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Thomas Downing: Oysters and Civil Rights

By Daniel Levinson Wilk, Professor of American History at SUNY-Fashion Institute of Technology

The intertwined history of restaurants and civil rights goes back much further in U.S. history, maybe even to Black Sam Fraunces, who founded Fraunces Tavern in New York (it’s still there), waited on George Washington and his band of revolutionaries.

African American restaurateurs have a long history of fighting for freedom.  Just last year, Georgetown professor Marcia Chatelain published Franchise: The Golden Arches in Black America, a book that looks back on ways Black franchisers of McDonald’s pushed for civil and social equality.  The intertwined history of restaurants and civil rights goes back much further in U.S. history, maybe even to Black Sam Fraunces, who founded Fraunces Tavern in New York (it’s still there), waited on George Washington and his band of revolutionaries, and may have foiled an assassination plot against Washington’s life.

One of the most interesting civil rights restaurateurs in New York’s history is Thomas Downing.  In the decades before the Civil War, Downing owned and ran an oyster cellar that attracted the city’s elites.  In that time, oysters were plentiful—you could pluck them right out of the harbor—and oyster cellars lined the Bowery, the working-class entertainment district.  Oyster cellars were the McDonald’s of their era: fast, cheap, popular.  They tended to exclude most women, who could not afford the impropriety of walking up and down the cellar stairs; they feared their skirts might ride up to reveal an ankle.

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Just as Daniel Boulud introduced the $27 hamburger in 2001, Thomas Downing popularized the high-low oyster cellar.  He opened his place in the 1820s at the corner of Wall Street and Broad, by the current site of the New York Stock Exchange.  It was an unusual neighborhood for an oyster cellar, the décor was fancy (damask curtains, mirrors, a chandelier), and the food was gussied up (scalloped oysters, fish with oyster sauce, poached turkey stuffed with oysters).  The wealthy financiers, merchants, politicians, and journalists who lived and worked in the area began to frequent his establishment.  His fame grew, and eventually he received an endorsement from Queen Victoria for his pickled oysters.

Downing was a Black man who served a rich white clientele, supporting, at least implicitly, the growing conditions of racial segregation.  In his off hours, though, he fought for civil rights.  He was one of the wealthiest Black men in New York (by the 1850s, he was estimated to be worth $100,000; that’s about $3.5 million today), and used his wealth for political goals.  He donated liberally to civil rights organizations that fought slavery in the South, kidnapping of fugitive slaves (and, sometimes, free Blacks) in the North, and the growing specter of Jim Crow segregation laws that spread through New York and other northern states decades before the South adopted them.  He attended civil rights meetings, sometimes speaking from the podium.  Occasionally he catered events for civil rights organizations.  He successfully lobbied his son’s school to hire Black teachers.  In 1840, he was thrown off a streetcar and beaten for refusing to disembark because of the presence of two white women.  It almost happened again in 1855, but that time he fended off the conductor of a horse-drawn trolley with a brass key that the conductor might have mistaken for a knife.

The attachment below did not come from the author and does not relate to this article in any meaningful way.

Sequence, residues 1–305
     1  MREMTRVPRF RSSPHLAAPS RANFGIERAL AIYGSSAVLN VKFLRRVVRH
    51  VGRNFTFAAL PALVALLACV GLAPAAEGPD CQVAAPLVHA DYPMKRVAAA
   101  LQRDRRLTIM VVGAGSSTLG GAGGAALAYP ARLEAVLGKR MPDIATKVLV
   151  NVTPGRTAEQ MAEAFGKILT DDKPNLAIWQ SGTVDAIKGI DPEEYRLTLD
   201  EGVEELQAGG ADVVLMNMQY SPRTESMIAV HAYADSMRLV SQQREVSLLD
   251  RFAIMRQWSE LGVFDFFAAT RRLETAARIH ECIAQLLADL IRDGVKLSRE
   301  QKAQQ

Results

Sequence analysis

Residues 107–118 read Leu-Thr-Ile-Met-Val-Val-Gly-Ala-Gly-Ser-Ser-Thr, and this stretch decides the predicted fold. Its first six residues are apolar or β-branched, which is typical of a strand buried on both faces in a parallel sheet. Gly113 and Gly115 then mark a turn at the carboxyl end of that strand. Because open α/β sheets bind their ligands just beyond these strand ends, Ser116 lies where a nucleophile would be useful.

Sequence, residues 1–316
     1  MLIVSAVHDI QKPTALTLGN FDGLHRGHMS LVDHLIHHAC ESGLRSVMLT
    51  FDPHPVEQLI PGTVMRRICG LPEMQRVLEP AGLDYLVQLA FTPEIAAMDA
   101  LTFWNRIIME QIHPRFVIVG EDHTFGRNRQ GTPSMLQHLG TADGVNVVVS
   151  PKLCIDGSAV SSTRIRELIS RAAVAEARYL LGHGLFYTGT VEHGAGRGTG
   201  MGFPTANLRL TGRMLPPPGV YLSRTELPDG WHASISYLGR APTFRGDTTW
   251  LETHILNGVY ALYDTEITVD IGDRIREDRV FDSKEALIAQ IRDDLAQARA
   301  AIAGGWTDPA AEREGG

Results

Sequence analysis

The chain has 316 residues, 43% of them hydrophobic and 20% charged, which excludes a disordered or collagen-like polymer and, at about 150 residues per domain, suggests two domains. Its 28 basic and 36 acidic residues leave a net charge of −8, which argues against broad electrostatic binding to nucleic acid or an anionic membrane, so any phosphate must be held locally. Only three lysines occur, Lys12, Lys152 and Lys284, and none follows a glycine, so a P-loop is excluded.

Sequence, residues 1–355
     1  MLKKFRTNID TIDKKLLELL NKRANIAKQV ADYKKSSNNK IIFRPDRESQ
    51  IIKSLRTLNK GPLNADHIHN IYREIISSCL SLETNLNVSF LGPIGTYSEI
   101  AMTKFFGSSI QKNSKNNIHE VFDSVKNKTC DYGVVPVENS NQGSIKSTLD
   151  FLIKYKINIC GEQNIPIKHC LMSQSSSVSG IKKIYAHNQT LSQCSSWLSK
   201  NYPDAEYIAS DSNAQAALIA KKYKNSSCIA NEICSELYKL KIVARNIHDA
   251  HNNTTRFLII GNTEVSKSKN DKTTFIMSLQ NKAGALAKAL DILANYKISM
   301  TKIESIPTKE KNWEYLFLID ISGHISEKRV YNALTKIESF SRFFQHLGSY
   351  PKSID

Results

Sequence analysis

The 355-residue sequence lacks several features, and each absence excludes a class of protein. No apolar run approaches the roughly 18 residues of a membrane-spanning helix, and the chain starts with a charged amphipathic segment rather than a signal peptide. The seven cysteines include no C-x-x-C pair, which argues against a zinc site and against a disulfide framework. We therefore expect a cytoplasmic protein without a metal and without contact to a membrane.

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Did his rich white customers know about his political activism?  Probably some did, but they chose to ignore it.  In 1850, a white oysterman published an article calling him “a notorious abolitionist,” but it didn’t affect his business.  It’s not that his white patrons supported his political views—right up until the Civil War, white New Yorkers were mostly racists and largely supporters of slavery in the South.  But their desire for good oysters and the warm hospitality of Thomas Downing outweighed any scruples. Today, good food keeps bringing people of different political stripes together.  Hopefully that will always be the case.

 

1 Schomburg Center for Research in Black Culture, Photographs and Prints Division, The New York Public Library. (1860). Thomas Downing, New York City pioneer and restaurant owner Retrieved from https://digitalcollections.nypl.org/items/8692940a-ff1b-1f62-e040-e00a180661b3

2 The Miriam and Ira D. Wallach Division of Art, Prints and Photographs: Picture Collection, The New York Public Library. (1882). The Great Fire, December 16 and 17, 1835. Retrieved from https://digitalcollections.nypl.org/items/510d47e0-ce5b-a3d9-e040-e00a18064a99

 


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